MONDAY, March 28, 2011 (HealthDay News) -- Teenagers who begin smoking at an early age are much more likely to start using marijuana by the time they're 17, researchers report.
Their analysis of data from a Finnish-American birth cohort study that began in 1994 found that by the time they were 17, about 15 percent of girls and 12 percent of boys had used marijuana or other illicit substances at least once.
Predictors of drug use included being female, binge drinking, father's binge drinking, peers who smoked, acquaintances with drug experience, and aggressive behavior among boys.
The researchers also found that starting smoking at an early age was an especially strong predictor of drug use. Participants who started smoking by age 12 or earlier were 26 times more likely to start using drugs by age 17 than those who never smoked.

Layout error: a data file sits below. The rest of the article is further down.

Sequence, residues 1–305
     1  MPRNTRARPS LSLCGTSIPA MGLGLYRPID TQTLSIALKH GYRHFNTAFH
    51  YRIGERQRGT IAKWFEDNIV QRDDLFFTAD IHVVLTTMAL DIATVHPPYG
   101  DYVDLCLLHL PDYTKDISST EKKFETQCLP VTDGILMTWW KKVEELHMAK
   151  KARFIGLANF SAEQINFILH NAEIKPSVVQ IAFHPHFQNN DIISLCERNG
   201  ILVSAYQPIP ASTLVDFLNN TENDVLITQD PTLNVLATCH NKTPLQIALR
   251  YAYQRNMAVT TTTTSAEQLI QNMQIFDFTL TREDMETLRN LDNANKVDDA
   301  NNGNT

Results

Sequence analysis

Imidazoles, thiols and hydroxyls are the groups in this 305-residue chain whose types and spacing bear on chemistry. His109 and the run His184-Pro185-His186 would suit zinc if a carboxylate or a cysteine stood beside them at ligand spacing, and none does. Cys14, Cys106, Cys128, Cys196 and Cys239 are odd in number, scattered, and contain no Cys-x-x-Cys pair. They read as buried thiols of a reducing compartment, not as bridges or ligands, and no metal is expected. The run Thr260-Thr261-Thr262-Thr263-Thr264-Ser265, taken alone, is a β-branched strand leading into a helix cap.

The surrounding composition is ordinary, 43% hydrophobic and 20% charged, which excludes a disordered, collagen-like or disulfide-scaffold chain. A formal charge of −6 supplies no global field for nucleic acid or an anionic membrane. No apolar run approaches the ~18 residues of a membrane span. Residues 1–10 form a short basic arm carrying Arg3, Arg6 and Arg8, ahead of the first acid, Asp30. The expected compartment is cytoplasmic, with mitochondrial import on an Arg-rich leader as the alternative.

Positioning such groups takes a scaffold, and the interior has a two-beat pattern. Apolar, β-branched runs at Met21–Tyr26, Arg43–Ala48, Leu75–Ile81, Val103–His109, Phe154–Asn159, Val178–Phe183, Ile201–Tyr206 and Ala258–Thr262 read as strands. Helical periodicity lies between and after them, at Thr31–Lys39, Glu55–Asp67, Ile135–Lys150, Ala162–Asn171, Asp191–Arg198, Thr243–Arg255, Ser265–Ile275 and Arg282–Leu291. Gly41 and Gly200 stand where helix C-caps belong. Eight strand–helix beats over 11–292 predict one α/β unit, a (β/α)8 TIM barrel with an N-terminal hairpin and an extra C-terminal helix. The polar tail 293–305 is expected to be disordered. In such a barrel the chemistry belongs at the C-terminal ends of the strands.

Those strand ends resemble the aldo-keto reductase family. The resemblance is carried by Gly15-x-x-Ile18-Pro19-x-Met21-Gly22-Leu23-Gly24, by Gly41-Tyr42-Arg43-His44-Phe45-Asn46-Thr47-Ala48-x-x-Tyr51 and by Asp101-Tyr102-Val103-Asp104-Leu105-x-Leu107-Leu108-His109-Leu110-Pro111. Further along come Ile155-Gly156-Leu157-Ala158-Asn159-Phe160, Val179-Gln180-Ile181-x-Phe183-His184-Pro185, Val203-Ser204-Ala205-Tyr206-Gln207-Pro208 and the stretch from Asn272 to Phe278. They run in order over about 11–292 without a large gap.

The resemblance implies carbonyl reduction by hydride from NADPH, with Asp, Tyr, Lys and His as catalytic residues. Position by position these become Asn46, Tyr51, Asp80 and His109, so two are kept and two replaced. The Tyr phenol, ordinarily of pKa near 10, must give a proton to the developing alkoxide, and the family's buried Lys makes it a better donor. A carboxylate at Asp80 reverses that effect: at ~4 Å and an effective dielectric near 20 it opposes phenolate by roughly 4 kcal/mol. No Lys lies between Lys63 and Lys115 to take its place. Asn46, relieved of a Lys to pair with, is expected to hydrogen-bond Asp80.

"The findings support the gateway hypothesis, which asserts that illicit substances such as tobacco and alcohol are a stepping stone to harder, illicit drugs," project team member Tellervo Korhonen, of the University of Helsinki, said in an Academy of Finland news release. The academy funded the project.
"The theory has come under much criticism in recent years. Many have argued that certain common factors may explain both smoking and drug use, factors such as problem behavior and genetic influences. That's why we wanted to look into these issues more deeply in our studies," Korhonen added.
The findings appeared recently in the Journal of the American Academy of Child and Adolescent Psychiatry.
The U.S. Centers for Disease Control and Prevention has more about youth and tobacco.